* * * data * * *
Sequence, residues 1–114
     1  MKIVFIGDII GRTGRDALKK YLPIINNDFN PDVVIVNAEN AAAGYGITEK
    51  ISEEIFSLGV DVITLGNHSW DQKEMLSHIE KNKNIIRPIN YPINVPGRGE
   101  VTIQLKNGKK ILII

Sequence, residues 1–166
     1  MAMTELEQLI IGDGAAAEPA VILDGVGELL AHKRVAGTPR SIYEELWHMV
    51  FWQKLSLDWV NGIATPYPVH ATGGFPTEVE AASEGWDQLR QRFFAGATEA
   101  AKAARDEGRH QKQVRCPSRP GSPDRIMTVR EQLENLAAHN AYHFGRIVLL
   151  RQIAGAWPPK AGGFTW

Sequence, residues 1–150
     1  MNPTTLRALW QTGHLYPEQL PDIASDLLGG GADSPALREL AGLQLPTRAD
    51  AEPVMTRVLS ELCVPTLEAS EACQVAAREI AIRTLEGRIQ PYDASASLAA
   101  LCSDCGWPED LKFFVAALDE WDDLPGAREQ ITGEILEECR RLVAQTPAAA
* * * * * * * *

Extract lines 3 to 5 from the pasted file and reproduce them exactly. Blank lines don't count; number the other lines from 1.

    51  ISEEIFSLGV DVITLGNHSW DQKEMLSHIE KNKNIIRPIN YPINVPGRGE
   101  VTIQLKNGKK ILII

Sequence, residues 1–166